Solano County High Point Trip Report

Mount Vaca

Date: February 14, 2004
Author: Robert Greene

After the previous weekend's bushwhack-fest, I was ready for a bit of just walking-up-the-ole-road highpointing. As usual, I referred to the county highpoint list for all available information; however, I was stymied as there was only Roy Wallen's single report which said, if I may paraphrase so boldy "I used the Suttle approach". There was a clue that I missed, which was that the highpoint was to the "right (southwest)", which implies a north-ish approach. The lost art of trip report reading!

I approached from the south as follows:

- I80 to the Pena Adobe turnoff
- Left (west) on Pena Adobe, follow 0.6 mile
- Right (north) on Pleasant's Way, follow 2.7 miles
- Left (west) on Gates Canyon, follow 3.2 miles

Upon turning on Gates Canyon (Canyon), there is a sign which indicates there is a locked gate at 3 miles. It's a bit farther, probably around 3.4 miles. The gate is a heavy duty white metal one, with a private residence on the left side of the road and a nice flat area you could park in (except for the predominantly posted "Don't park here EVER" sign) to the right. Although the gate was open when I went, I opted to turn around, descend back down the hill and park outside the gate this time. The road becomes much rougher and 4-wheel drive would be required (though see end of trip report) in my opinion past it.

After parking at 2:00 pm, I started hiking up the road, and past the white gate. The well worn and rutted dirt road generally proceeds to the southwest, past numerous gated private (and marked) areas on both the left and right. It is not necessary to enter those areas -- although at one point, I blundered into one because I thought it was the correct right hand turn to approach the mountain. After taking a tour of a new home site, I reached the end of this private spur road.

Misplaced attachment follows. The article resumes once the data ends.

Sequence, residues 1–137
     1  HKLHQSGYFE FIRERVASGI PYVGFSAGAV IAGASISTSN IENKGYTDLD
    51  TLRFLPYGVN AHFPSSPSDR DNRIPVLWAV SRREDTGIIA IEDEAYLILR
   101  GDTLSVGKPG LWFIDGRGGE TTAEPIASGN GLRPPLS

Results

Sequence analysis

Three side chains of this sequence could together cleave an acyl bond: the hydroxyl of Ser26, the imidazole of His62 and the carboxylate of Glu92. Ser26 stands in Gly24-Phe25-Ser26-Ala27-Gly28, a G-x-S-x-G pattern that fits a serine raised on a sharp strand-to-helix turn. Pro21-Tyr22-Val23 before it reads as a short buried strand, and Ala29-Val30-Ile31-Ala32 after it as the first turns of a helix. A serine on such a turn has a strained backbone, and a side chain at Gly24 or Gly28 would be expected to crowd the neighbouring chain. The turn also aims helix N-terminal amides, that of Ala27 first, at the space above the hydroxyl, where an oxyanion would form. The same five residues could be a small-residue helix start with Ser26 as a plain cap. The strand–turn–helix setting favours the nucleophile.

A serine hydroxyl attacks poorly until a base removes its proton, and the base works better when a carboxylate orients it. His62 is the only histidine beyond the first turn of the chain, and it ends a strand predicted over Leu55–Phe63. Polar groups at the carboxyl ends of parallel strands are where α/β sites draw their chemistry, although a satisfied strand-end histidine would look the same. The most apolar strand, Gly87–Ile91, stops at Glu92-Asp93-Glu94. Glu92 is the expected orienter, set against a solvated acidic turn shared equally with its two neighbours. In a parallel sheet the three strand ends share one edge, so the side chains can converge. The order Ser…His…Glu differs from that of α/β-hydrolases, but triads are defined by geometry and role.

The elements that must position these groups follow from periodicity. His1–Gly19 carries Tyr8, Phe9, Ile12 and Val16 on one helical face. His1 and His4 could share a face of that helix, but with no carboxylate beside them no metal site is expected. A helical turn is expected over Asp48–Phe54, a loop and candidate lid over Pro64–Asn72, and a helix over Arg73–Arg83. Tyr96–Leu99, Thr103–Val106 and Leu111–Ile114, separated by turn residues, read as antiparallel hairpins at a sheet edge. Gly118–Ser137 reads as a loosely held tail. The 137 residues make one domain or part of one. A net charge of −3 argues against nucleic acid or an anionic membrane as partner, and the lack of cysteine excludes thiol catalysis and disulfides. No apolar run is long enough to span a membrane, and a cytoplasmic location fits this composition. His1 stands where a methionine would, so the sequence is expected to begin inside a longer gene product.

After triangulating my position using compass, topographical map and visible points of reference -- and referring to the GPS solely to verify what I already knew, I determined that I had, in fact, taken the wrong course. My alternatives were few: retrace my steps and walk all the way back, almost 0.3 mile (!) or bushwhack through a section of dense brush and then walk back, saving almost 0.1 mile!

I considered trying to cut through the chaparral with my pocket knife but decided that was only likely to require me to bust out the first aid kit. So it was left to a choice of elephanting through dense brush over slick rocks. Soon, I was back on the road out of this private tract of land and rejoined the main road, continuing southwest along my original trajectory. Around this time, a brief rain shower began, the drops beading on my Goretex rain jacket and pants are a memory that I shall not soon forget.

Suffice it to say that shortly thereafter, the road dead-ended into a fence line. On the left (to the south) was a green gate, with a predominantly posted "NO TRESPASSING" sign. On the right (to the north), was a red gate. The gate was unposted, but had been buried in a pile of dirt -- I assume to prevent opening it.

I turned right and followed a fairly unused looking road to the northwest. The road was relatively straight and easy to follow. Shortly after embarking upon this road, I saw the first of a long series of radio towers. About the time the towers come into view, a long series of gates also obstructs the road -- these are generally white gates (like the first one at the car parking spot) and sadly, each one is marked (though sometimes it has worn off), "Private Club - Please No Trespassing".